Another rare complication found in our study was graft dislocation (5%). The patient’s primary disease was congenital glaucoma with macrocornea and irregular corneal curvature. We chose a 9 mm donor lenticule, but graft dislocation occurred the next morning. We repositioned the lenticule and injected more bubbles, and the lenticule remained attached and transparent during the follow-up period. In our study, there was no occurrence of cataract, acute rejection, or primary graft failure .
Our research indicates few previous studies regarding DSAEK in phakic eyes. These studies had a small sample size (Table 3), and patients were primarily adults , , , while the patients in our study ranged from 2 to 47 years of age. The other marked difference between previous studies and our study was the types of corneal endothelial disease encountered. The patients in previous studies had Fuchs endothelial dystrophy or drug-induced endothelial cell dysfunction without anterior chamber changes. , – The patients in our study had more complicated diseases; primary disorders included congenital diseases, trauma, glaucoma, and iris-fixated anterior chamber intraocular lens. The patients’ lenses were clear and were reserved. We used the DSAEK suture pull-through insertion technique and achieved a good outcome. The ECL and incidence of complications were similar with previous studies , –.
The limitation of our study was a relatively small sample size, however, this may be the largest sample size to date. Future studies are warranted to consider risk factors related to different corneal diseases. Long-term patient follow up is also needed.
Our study indicated DSAEK on Chinese phakic eyes can significantly improve DVA and NVA by preserving the patient’s own crystalline lens. DSAEK is an optional surgery for patients who need to preserve accommodative function. More attention should be given to postsurgical pupillary block-induced hypertension.
Collected the data and figures production: H-qQ. Conceived and designed the experiments: YH JH. Performed the experiments: YH R-mP MW. Analyzed the data: YH R-mP MW.
- 1. Bahar I, Kaiserman I, McAllum P, Slomovic A, Rootman D (2008) Comparison of posterior lamellar keratoplasty techniques to penetrating keratoplasty. Ophthalmology 115(9): 1525–1533.
- 2. Bahar I, Kaiserman I, Sansanayudh W, Levinger E, Rootman DS (2009) Busin Guide vs Forceps for the Insertion of the Donor Lenticule in Descemet Stripping Automated Endothelial Keratoplasty. Am J Ophthalmol 147(2): 220–226.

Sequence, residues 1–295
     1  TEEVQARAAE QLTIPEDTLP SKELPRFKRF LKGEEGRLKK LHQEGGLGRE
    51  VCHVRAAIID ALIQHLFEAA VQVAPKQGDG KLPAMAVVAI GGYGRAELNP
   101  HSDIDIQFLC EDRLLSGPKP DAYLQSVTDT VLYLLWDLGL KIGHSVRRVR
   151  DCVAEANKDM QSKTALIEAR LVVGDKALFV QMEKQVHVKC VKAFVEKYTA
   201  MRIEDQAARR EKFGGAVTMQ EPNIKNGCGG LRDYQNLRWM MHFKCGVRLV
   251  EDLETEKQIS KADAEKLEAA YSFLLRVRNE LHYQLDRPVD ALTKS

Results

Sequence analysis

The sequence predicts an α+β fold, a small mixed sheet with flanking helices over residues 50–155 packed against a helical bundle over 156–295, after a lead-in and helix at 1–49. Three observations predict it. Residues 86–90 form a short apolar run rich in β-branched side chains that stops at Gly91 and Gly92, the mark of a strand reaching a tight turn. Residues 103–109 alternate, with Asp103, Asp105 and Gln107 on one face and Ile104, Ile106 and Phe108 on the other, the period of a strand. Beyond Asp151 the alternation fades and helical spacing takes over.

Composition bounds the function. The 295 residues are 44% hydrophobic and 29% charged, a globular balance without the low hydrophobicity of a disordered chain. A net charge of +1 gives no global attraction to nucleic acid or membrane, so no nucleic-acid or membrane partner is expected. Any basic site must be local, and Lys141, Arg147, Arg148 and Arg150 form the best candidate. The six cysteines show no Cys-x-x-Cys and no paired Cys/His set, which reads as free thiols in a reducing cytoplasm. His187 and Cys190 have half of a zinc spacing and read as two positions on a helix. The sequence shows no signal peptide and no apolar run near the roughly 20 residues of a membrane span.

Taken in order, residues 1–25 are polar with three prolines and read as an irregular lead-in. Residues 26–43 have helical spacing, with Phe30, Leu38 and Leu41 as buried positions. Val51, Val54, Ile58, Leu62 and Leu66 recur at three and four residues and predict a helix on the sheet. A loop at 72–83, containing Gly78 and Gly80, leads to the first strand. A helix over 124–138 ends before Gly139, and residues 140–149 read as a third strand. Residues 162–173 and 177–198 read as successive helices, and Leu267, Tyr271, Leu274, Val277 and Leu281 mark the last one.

- 3. Lee WB, Jacobs DS, Musch DC, Kaufman SC, Reinhart WJ, et al. (2009) Descemet's stripping endothelial keratoplasty: safety and outcomes: a report by the American Academy of Ophthalmology. Ophthalmology 116(9): 1818–1830.
- 4. Rao SK, Leung CK, Cheung CY, Li EY, Cheng AC, et al. (2008) Descemet stripping endothelial keratoplasty: effect of the surgical procedure on corneal optics. Am J Ophthalmol 145(6): 991–996.
- 5. Bahar I, Kaiserman I, Levinger E, Sansanayudh W, Slomovic AR, et al. (2009) Retrospective contralateral study comparing descemet stripping automated endothelial keratoplasty with penetrating keratoplasty. Cornea 28(5): 485–488.
- 6. Hjortdal J, Ehlers N (2009) Descemet's stripping automated endothelial keratoplasty and penetrating keratoplasty for Fuchs' endothelial dystrophy. Acta Ophthalmol 87(3): 310–314.
- 7. Tsui JY, Goins KM, Sutphin JE, Wagoner MD (2011) Phakic descemet stripping automated endothelial keratoplasty: prevalence and prognostic impact of postoperative cataracts. Cornea 30(3): 291–295.
- 8. Chen ES, Terry MA, Shamie N, Hoar KL, Friend DJ (2008) Descemet-stripping automated endothelial keratoplasty: six-month results in a prospective study of 100 eyes. Cornea 27(5): 514–520.
- 9. Kobayashi A, Yokogawa H, Sugiyama K (2008) Descemet stripping with automated endothelial keratoplasty for bullous keratopathies secondary to argon laser iridotomy–preliminary results and usefulness of double-glide donor insertion technique. Cornea 27 Suppl 1S62–69.
- 10. Terry MA, Chen ES, Shamie N, Hoar KL, Friend DJ (2008) Endothelial cell loss after Descemet's stripping endothelial keratoplasty in a large prospective series. Ophthalmology 115(3): 488–496.
- 11. Huang T, Luo Y, Wang Y, Hu A, Gao N (2011) Descemet's stripping with endothelial keratoplasty for special Fuchs' endothelial dystrophy in phakic eyes. Ophthalmic Res 46(1): 44–49.
- 12. Koenig SB (2010) Descemet stripping automated endothelial keratoplasty in the phakic eye. Cornea 29(5): 531–533.
- 13. Busin M, Beltz J, Scorcia V (2011) Descemet-stripping automated endothelial keratoplasty for congenital hereditary endothelial dystrophy. Arch Ophthalmol 129(9): 1140–1146.
- 14. Mittal V, Mittal R, Sangwan VS (2011) Successful Descemet stripping endothelial keratoplasty in congenital hereditary endothelial dystrophy. Cornea 30(3): 354–356.
- 15. Price MO, Price FW Jr (2004) Cataract progression and treatment following posterior lamellar keratoplasty. J Cataract Refract Surg 30(6): 1310–1315.
- 16. Macsai MS, Kara-Jose AC (2007) Suture technique for Descemet stripping and endothelial keratoplasty. Cornea 26(9): 1123–1126.
- 17. Kaiserman I, Bahar I, McAllum P, Slomovic AR, Rootman DS (2008) Suture-assisted vs forceps-assisted insertion of the donor lenticula during Descemet stripping automated endothelial keratoplasty. Am J Ophthalmol 145(6): 986–990.
- 18. Sarnicola V, Toro P (2008) Descemet-stripping automated endothelial keratoplasty by using suture for donor insertion. Cornea 27(7): 825–829.
- 19. Rosenberg EA, Sperazza LC (2008) The visually impaired patient. Am Fam Physician 77(10): 1431–1436.